“I woke up with soothing morning sunlight right on my face at around 6 a.m. Stepping down from the bed, I leaned out of the window to feel the fresh breeze of the morning. The stonecrete wall to my right side guided me to the bathroom. The textured tiles felt like acupuncture to my toes. Ah! It felt good! Dressed up and I am ready to go out for a walk now. Wait! Where is my walking stick? Five steps to my left side from the main automated sliding door, I reached out to my companion that lay there on a wooden shelf. Walking fifteen steps on a grass lawn, I could now hear the urban chaos, amidst which I sometimes wish I could ‘see’ the beauty of nature. I rather ‘feel’ the beauty and all thanks to the designers who believe in universal design.”
“Architecture for the blind is like any other architecture, only better”– Christopher Meyer
This article explores a universal design approach towards urban design as well as for all the public buildings. People with disabilities are more sensitive to their built-environment and hence, it is the designers’ responsibility to create such spaces using ingenious materials and design techniques.
Sight is the most significant sense of all, with which we perceive almost everything around us. But, how would you design for people without vision? They practice living within their context by analyzing various sounds, textures, and smells.
“We’re used to thinking of design as being a visual process. But really, the design is an intellectual process, and the visual dimension is a tool to aid in that. It’s one way of getting information, but it’s not the only way”, says Chris Downey in a talk at the AIA San Francisco in 2010. Chris Downey, a San-Francisco based architect, lost his eyesight following a surgical operation. He has continued to practice architecture applying his other senses to his designs. In the absence of visuals, all the other senses become actively involved for a blind person to perceive any space. “Typically, 80% of our sensory experience is visual, because it’s so much quicker. The remaining 20% is non-visual. But 100% of the ‘design’ tends to be all about the visual,” said Downey.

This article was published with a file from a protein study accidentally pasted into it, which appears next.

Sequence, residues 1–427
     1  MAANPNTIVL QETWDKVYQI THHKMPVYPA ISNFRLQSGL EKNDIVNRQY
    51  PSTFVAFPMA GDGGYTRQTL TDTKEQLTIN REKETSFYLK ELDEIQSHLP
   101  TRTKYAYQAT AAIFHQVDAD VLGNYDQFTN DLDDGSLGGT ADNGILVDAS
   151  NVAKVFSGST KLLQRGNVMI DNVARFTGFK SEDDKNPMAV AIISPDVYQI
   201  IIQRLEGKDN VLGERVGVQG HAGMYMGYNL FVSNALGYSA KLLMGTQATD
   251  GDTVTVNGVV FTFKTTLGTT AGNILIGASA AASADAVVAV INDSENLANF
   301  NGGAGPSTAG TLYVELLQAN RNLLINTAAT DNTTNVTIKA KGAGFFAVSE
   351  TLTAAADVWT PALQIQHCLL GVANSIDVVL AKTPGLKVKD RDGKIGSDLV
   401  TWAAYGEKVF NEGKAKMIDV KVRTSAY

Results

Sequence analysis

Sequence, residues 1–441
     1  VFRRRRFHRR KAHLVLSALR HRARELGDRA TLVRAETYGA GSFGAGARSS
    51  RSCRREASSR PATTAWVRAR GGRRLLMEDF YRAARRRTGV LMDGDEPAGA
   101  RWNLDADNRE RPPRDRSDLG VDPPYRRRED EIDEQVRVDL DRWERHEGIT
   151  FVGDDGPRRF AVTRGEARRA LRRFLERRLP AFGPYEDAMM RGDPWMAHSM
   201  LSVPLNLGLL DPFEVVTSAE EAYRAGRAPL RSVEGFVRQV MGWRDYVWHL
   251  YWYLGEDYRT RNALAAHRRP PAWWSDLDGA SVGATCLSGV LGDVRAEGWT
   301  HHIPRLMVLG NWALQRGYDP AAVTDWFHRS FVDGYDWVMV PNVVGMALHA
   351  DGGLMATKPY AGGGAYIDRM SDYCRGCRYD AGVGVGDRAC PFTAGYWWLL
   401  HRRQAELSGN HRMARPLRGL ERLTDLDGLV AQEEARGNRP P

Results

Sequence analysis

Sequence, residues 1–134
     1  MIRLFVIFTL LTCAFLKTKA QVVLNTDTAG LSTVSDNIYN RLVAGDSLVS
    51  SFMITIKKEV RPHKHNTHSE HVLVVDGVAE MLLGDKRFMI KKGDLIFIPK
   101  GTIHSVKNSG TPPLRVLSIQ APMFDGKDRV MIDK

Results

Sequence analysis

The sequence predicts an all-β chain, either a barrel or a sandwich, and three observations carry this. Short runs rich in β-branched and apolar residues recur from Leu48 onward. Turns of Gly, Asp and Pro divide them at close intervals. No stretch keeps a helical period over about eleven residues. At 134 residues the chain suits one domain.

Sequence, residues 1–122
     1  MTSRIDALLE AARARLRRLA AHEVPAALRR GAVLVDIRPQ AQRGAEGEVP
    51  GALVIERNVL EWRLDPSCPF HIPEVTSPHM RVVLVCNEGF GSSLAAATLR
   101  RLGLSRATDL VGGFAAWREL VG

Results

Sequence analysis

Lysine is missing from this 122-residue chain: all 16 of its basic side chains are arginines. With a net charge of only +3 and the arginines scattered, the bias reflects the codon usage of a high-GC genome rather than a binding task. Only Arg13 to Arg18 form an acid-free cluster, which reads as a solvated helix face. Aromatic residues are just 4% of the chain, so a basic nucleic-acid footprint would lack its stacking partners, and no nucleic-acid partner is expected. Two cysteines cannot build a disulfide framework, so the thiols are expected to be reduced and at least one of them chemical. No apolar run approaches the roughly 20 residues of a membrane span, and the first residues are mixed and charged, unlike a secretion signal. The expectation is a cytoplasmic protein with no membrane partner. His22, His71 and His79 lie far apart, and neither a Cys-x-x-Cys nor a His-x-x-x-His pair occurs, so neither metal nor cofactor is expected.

We always wonder how they navigate the outside world when we see them walk alongside us, isn’t it? It’s because of the textures on the pavements, the fountains at the cross-roads, the fragrance of the garden close-by and other acoustics and tactile variations that help them communicate the directions. But, have you ever helped any blind cross the road? If yes, then it is the sign that we need to design our streets much better.
The use of textured materials for sensory reach, the unhindered pathways, use of efficient light and shadow are few of the key elements to be kept in mind. Safety is the most important factor that a designer must take care of while designing for blinds. The image below shows a few of the design elements that must be incorporated in our universal urban designs-
Architecture and Interior
Facing the inner world is as challenging as facing the outside world, in terms of living within the space. House is an intimate space where we spend most of our day engaging ourselves in various in-house activities. Designing a space for people without vision is very challenging for an architect. I recently came across an on-going project on Instagram; a school for visually impaired children located at Gandhinagar, designed by the well-known architecture firm- SEALAB of Ahmedabad.
In this particular case, users themselves are involved in the process of making of the place where they are educating the designers, the sensitivity of life they wish to live.
Charmi Savani, who did a detailed study on architecture for people with visual disability during her Design Thesis on Blind school at Junagadh, shares a few of her conclusive diagrams, that might help us look forward to while designing a livable space for the blinds-
The above diagrams represent the various design solutions required to create an effective built-environment for blind people. Every minute detail should be well thought and well-designed keeping in mind the user typology.
Have you ever noticed this one? It was a piece of knowledge for me today!
Let us design sensitively!